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Transitioning of Helicobacter pylori Therapy from Trial and Error to Antimicrobial Stewardship

Department of Medicine, Michael E. DeBakey VA Medical Center and Baylor College of Medicine, RM 3A-318B (111D), 2002 Holcombe Boulevard, Houston, TX 77030, USA
Antibiotics 2020, 9(10), 671;
Submission received: 15 September 2020 / Revised: 28 September 2020 / Accepted: 1 October 2020 / Published: 3 October 2020
(This article belongs to the Special Issue Antimicrobial Prescribing and Stewardship, 1st Volume)


Helicobacter pylori is the only major infection for which antimicrobial therapy is not designed using the principles of antimicrobial stewardship. Traditionally, antimicrobial therapy is a susceptibility-based therapy, achieves high cure rates, and includes surveillance programs to regularly provide updated data regarding resistance, outcomes, and treatment guidelines. Current H. pylori therapies identified by trial-and-error, and treatment recommendations and guidelines are based on comparisons among regimens that rarely take into account the prevalence or effect of resistance. The majority of patients currently treated achieve suboptimal results. A paradigm shift is required to abandon current approaches and embrace antimicrobial stewardship, and therefore reliably achieve high cure rates; develop, propagate, and update best practice guidelines; and provide surveillance of local or regional susceptibility/resistance patterns. These also require timely updates to clinicians regarding the current status of resistance, antimicrobial effectiveness, and ways to prevent antimicrobial misuse to extend the useful life of currently available antibiotics. Here, we discuss the differences among current approaches to H. pylori therapy and antimicrobial stewardship and identify what is required to achieve the transition. Conceptually, the differences are significant, and the transition will likely need to be both abrupt and complete. Recommendations for therapy during the transition period are given.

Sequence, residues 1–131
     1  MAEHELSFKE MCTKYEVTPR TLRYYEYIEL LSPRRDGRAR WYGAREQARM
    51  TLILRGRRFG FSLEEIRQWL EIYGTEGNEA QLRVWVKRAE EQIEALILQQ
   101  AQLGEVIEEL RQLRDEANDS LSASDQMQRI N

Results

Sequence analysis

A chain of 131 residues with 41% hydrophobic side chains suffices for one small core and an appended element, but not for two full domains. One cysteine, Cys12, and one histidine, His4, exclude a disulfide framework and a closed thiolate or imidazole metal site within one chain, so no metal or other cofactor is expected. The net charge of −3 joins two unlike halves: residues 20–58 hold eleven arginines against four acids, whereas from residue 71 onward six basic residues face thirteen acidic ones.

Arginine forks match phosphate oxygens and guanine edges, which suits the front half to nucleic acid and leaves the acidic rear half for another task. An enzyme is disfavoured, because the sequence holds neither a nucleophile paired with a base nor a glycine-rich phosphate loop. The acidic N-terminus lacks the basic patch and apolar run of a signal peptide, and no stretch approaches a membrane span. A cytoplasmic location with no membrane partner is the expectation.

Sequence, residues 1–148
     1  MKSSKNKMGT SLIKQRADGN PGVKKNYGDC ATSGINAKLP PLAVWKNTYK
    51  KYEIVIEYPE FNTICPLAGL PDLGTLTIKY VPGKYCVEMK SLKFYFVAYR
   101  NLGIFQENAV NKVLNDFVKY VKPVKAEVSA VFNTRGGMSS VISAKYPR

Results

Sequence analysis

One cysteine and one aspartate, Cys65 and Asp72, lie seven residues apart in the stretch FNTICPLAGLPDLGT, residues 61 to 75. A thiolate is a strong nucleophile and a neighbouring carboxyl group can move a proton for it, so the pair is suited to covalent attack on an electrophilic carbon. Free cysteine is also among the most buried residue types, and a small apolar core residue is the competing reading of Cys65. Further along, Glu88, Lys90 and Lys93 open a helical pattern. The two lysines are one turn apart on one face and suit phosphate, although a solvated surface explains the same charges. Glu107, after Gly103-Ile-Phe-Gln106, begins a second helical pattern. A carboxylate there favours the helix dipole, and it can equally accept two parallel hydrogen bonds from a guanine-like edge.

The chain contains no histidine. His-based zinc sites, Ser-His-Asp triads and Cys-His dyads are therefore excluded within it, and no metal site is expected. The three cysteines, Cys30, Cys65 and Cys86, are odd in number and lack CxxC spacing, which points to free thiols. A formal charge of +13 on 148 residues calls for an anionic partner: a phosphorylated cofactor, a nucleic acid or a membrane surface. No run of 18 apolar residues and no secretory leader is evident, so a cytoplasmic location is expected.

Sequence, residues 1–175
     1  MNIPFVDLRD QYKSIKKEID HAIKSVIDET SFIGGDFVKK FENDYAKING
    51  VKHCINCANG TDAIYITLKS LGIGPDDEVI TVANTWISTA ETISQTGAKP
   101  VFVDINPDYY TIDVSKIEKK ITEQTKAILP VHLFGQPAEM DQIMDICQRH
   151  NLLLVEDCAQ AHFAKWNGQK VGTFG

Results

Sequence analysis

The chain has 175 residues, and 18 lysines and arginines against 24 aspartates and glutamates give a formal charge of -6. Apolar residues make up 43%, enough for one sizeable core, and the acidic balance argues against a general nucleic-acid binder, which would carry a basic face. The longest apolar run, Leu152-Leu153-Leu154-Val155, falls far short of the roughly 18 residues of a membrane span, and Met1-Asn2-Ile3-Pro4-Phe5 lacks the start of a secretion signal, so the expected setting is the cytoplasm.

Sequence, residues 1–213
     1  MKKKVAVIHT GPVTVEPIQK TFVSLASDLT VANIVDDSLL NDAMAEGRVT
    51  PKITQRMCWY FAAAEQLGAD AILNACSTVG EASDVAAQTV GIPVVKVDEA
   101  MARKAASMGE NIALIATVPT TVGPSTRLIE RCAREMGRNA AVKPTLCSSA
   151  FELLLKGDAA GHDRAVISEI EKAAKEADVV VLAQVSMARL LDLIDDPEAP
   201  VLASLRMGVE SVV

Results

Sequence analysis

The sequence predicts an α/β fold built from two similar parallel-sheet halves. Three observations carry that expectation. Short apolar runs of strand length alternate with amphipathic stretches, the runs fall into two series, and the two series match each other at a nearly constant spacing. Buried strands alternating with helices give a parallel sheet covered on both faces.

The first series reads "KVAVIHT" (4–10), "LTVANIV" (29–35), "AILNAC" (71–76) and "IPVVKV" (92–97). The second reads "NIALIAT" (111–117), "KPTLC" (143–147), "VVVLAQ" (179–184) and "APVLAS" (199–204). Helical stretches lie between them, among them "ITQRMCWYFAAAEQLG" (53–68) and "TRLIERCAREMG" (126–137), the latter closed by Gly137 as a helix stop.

1. Introduction

The widespread misuse of antibiotics has resulted in increasing antimicrobial resistance which threatens the continued usefulness of currently available antimicrobials. The consequences of critical antibiotics becoming clinically ineffective have resulted in strong pressure to utilize the principles of antimicrobial stewardship for selecting and managing therapy for infectious diseases [1,2]. Management of Helicobacter pylori infections has long been within the purview of Gastroenterology which has been slow to accept the paradigm shift needed to change the approach to therapy from one utilizing trial-and-error to one based on the principles of antimicrobial stewardship. H. pylori was officially recognized as an infectious disease in 2015 [3], and those involved in studying H. pylori therapy are only now gradually beginning to accept that H. pylori therapy should no longer be exempt from the guidelines and practices governing treatment of other infectious diseases (i.e., the principles of antimicrobial stewardship).

2. Antimicrobial Stewardship in Traditional Infectious Disease Therapy

The principles of antimicrobial stewardship codified and extended thinking and practices involved in the development and implementation of methods to simultaneously improve antimicrobial therapy, prevent antimicrobial misuse, and reliably achieve high cure rates, while minimizing the risk of developing resistance in order to prolong the useful life of antibiotics. Until now, the approach to H. pylori therapy has not routinely involved elements critical to antimicrobial stewardship, such as optimization of the therapy in terms of drugs, dosing, or duration of therapy. As a result, current therapies have subsequently failed to reliably achieve high cure rates without prescribing unnecessary antimicrobials or prolonging therapy beyond the experimentally identified optimal duration. Stewardship elements that are also lacking include the development, propagation, and regular updating of best practice guidelines, as well as susceptibility/resistance surveillance to update clinicians of the current status of resistance and antimicrobial effectiveness, and the availability and potential role of new antimicrobials.